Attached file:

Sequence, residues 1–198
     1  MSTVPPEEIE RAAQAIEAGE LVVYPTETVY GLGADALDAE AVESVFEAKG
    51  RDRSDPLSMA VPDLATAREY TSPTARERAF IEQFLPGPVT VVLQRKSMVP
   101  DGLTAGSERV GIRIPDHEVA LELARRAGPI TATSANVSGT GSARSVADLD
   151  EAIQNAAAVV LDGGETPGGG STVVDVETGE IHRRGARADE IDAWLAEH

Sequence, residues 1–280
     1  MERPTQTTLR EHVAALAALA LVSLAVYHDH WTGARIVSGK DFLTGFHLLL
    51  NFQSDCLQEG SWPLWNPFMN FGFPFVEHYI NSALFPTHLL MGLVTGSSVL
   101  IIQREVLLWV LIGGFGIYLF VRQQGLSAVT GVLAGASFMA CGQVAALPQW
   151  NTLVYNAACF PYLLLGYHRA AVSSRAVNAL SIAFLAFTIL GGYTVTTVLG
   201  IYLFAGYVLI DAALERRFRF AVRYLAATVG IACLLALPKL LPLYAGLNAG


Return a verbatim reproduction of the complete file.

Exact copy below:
Sequence, residues 1–198
     1  MSTVPPEEIE RAAQAIEAGE LVVYPTETVY GLGADALDAE AVESVFEAKG
    51  RDRSDPLSMA VPDLATAREY TSPTARERAF IEQFLPGPVT VVLQRKSMVP
   101  DGLTAGSERV GIRIPDHEVA LELARRAGPI TATSANVSGT GSARSVADLD
   151  EAIQNAAAVV LDGGETPGGG STVVDVETGE IHRRGARADE IDAWLAEH

Sequence, residues 1–280
     1  MERPTQTTLR EHVAALAALA LVSLAVYHDH WTGARIVSGK DFLTGFHLLL
    51  NFQSDCLQEG SWPLWNPFMN FGFPFVEHYI NSALFPTHLL MGLVTGSSVL
   101  IIQREVLLWV LIGGFGIYLF VRQQGLSAVT GVLAGASFMA CGQVAALPQW
   151  NTLVYNAACF PYLLLGYHRA AVSSRAVNAL SIAFLAFTIL GGYTVTTVLG
   201  IYLFAGYVLI DAALERRFRF AVRYLAATVG IACLLALPKL LPLYAGLNAG